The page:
Apart from becoming immensely popular among tourists in recent years, Tbilisi is also emerging as a trendy destination for people who want to embark on a digital nomad lifestyle. If you are interested in meeting new people and cultures, Georgia is the right choice for you. Locals here are well renowned for their hospitality and friendliness. Many Georgians believe that the guest is a gift from God and will certainly make you feel comfortable, if not fall in love with the country. Life in Tbilisi is safe and very affordable, and the city offers a great choice of coworking spaces. While the internet speed is generally good, one of the main drawbacks is the (for some) too cold/hot temperatures in winter/summer.
Georgia has a quite low cost of living, similar to some South East Asian countries. A one-bedroom apartment in Tbilisi city centre stands at around €250. In Tbilisi it is also very easy to move around. Unless you are fond of discovering the city’s hidden corners on foot, there are several transportation options. Digital nomads often use taxi apps like Taxi Tbilisi, Maxim Taxi and Bolt but also rely on the affordable public transportation where the cost of one ticket is around 15 cents for a city bus or metro.
Cost of living: €940 a month (Source: NomadList)
Visa Requirements: Georgia has opened its borders to the residents of 98 countries to live and work remotely without a visa for up to 1 year if they prove to have a minimum income of $2,000. The easiest way for the citizens coming from a country that is not on a list to obtain a visa is to apply for an e-Visa.
Travelling to Georgia: Official information about the country’s travel restrictions can be found on Georgia’s government website.
Vilnius – Lithuania
Vilnius is not as hectic as people usually expect. As one of the greenest cities in Europe, Lithuania’s capital is a perfect choice if you are looking for a relatively slow-paced lifestyle and a great coffee shop culture. Known as a rising hotspot for multiple-field tech startups, Vilnius offers a huge selection of co-working spaces with fast internet everywhere. Generally, Vilnius is a very safe city to live, with friendly locals if you pass the initial cultural barrier. The climate in winter may be a concern unless you find wonder in landscapes covered in snow.
Lithuania in general is quite affordable if you compare it to other Western European countries. You can rent a single bedroom apartment in the city for about €500. A single ticket for city transport stands at €1, while a monthly pass is at about €30. When you arrive in the city, make sure you download Trafi, an app that will help make your journeys a breeze.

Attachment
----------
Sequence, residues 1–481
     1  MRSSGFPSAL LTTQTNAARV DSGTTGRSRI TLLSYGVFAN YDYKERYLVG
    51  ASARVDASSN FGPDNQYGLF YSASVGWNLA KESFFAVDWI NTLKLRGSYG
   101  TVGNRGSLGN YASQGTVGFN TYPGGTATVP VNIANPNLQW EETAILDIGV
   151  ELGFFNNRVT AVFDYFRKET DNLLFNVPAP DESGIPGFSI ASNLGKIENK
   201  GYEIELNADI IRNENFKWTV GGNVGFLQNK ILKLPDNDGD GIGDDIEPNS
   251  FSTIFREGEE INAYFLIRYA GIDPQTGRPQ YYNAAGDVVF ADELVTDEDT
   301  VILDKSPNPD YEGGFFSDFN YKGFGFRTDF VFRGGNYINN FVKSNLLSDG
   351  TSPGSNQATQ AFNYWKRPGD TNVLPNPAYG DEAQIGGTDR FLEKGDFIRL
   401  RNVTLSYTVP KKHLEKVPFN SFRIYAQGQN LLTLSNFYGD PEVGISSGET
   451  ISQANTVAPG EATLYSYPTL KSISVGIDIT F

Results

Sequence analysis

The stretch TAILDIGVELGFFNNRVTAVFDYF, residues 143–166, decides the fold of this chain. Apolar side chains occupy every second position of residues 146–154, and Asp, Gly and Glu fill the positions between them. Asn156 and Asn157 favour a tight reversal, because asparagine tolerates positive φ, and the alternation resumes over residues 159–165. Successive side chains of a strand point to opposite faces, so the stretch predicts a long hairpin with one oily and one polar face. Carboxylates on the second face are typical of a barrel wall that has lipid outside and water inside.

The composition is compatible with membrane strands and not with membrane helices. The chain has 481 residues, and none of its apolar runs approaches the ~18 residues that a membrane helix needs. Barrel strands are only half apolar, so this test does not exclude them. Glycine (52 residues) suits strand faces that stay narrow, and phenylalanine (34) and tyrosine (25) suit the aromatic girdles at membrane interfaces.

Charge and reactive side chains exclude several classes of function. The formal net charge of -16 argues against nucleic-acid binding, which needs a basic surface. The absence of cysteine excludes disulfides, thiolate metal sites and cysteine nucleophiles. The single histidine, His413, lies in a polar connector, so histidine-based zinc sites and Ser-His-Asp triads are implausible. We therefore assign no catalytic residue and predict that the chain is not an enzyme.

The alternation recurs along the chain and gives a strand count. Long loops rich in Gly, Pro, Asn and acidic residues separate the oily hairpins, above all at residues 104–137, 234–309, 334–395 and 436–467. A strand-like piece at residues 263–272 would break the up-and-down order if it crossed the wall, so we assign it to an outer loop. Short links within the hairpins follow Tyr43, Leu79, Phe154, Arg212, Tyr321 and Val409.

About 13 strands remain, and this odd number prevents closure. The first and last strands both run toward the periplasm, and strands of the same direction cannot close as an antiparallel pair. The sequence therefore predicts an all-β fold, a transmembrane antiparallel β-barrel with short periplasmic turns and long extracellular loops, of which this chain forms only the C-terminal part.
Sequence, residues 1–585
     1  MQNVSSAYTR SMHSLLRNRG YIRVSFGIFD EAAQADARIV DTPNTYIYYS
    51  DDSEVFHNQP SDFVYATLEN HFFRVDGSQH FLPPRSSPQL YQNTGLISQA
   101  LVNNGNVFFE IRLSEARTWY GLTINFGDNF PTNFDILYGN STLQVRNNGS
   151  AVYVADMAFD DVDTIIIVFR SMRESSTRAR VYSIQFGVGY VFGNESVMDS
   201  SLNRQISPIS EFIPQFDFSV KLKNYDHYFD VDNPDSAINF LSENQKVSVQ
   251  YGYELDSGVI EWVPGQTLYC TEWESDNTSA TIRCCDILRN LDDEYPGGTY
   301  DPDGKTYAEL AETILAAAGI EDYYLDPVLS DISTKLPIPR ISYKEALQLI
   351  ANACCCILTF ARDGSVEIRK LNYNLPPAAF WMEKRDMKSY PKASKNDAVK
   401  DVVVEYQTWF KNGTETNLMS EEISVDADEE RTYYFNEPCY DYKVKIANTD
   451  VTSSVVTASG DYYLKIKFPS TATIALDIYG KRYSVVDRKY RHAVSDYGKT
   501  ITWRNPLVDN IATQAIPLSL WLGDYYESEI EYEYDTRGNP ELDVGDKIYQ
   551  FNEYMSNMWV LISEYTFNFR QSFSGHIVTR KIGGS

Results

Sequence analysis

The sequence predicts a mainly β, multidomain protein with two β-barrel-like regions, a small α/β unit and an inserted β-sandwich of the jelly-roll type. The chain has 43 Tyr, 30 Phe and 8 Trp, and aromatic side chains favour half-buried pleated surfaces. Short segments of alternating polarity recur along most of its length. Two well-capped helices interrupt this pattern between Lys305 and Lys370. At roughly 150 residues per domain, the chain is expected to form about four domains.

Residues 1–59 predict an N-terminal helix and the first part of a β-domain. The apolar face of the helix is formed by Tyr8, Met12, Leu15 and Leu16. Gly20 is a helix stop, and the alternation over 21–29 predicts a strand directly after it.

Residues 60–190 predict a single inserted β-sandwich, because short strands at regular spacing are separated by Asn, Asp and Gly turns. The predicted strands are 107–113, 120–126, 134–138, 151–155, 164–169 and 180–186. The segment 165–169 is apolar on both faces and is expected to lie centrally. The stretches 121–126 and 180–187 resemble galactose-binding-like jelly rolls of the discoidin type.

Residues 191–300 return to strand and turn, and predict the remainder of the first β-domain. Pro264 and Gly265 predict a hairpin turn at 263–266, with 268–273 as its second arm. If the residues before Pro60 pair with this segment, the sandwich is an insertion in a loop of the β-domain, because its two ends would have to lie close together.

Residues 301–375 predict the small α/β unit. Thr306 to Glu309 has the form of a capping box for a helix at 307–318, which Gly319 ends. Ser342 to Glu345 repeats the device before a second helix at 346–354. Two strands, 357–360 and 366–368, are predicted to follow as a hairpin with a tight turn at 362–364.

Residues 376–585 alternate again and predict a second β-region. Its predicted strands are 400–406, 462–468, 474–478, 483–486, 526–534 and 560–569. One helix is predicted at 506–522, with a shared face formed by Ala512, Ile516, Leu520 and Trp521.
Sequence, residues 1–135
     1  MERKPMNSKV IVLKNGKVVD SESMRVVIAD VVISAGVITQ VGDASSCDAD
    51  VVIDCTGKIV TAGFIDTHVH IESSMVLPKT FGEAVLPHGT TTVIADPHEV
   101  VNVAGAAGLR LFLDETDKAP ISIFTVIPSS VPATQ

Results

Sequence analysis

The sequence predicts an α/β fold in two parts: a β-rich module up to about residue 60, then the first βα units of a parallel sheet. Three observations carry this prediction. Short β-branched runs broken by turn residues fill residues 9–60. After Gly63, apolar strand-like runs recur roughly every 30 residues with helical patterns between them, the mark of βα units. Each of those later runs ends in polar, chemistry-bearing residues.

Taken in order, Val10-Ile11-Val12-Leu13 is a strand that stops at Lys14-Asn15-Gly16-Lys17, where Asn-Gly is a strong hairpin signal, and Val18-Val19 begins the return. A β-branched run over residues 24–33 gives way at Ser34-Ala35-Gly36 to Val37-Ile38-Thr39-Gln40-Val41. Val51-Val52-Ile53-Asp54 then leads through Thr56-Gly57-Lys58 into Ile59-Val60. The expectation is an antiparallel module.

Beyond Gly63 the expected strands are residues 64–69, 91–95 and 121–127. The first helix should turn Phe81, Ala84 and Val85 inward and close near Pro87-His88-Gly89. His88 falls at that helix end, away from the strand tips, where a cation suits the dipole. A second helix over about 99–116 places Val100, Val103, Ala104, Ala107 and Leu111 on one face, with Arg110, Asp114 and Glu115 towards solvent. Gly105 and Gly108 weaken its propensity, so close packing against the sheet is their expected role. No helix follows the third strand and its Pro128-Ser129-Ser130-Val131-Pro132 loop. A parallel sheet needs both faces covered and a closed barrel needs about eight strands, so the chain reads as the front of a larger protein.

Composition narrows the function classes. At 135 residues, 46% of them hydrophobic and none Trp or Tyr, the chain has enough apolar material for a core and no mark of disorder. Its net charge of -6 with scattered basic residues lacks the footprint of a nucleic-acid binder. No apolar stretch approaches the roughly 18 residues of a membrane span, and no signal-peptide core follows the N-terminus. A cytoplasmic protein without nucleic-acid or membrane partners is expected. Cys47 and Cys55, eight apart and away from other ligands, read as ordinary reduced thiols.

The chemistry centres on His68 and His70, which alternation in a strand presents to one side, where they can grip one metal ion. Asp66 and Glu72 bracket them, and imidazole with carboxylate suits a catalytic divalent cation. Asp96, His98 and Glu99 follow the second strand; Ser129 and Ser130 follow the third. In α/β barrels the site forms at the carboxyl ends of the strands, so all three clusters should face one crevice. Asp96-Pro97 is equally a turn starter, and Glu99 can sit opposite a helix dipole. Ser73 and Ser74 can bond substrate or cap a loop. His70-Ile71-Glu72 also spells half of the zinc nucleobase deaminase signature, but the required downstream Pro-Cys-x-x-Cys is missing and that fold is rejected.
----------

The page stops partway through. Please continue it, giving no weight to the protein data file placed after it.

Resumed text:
Cost of living: €1850 a month (Source: NomadList)
Visa requirements: The Lithuanian government has passed a legal amendment allowing foreign nationals to obtain the status of e-resident starting January 2021. E-residents will receive a digital identity identification that will give them online access to a range of administrative, public, and commercial services.
Travelling to Lithuania: For the latest information on all COVID-related restrictions check the Corona Stop LT website.
Budapest – Hungary
Known as one of the most attractive touristic destinations with a fascinating history and stunning architecture, Budapest is also fast becoming one of the most appealing cities for digital nomads. Located in Eastern Europe, Hungary’s capital offers a combination of rich culture and low cost of living which is quite captivating for everyone who is keen on exploring. Budapest is home to a burgeoning digital nomad community, which although isn’t as large as those of Lisbon or Tallinn, offers a wide choice of co-working spaces, well-connected wifi cafes and libraries for everyone’s taste. Apart from big-city-standard pickpocketing in some districts, Budapest is a safe and fun city to live in.
Budapest is a relatively cheap capital compared to other European cities. Accommodation is very reasonable; a one-bedroom apartment in the city centre stands at an average of €430 per month. Budapest is well-connected by a range of different public transport networks, with trams, buses and trolleybuses. A single bus ticket costs €1 and a monthly pass is around €25. Unlike in many other European countries, ride-sharing apps like Uber and Lyft are prohibited by the government, so, taxis in the centre can be pricey.
Cost of living: €1258 a month (Source: NomadList)
Visa requirements: Hungary is a part of the European Union as well as the Schengen Area. Therefore, for those already citizens of the European Union, you are free to travel without obtaining a Schengen Visa. For non-EU citizens, the process of getting a working visa is a bit harder, especially if you like to stay in areas for longer than three months for work.
Travelling to Hungary: For official up-to-date information about COVID-19 related restrictions and regulations, please check here.
Split – Croatia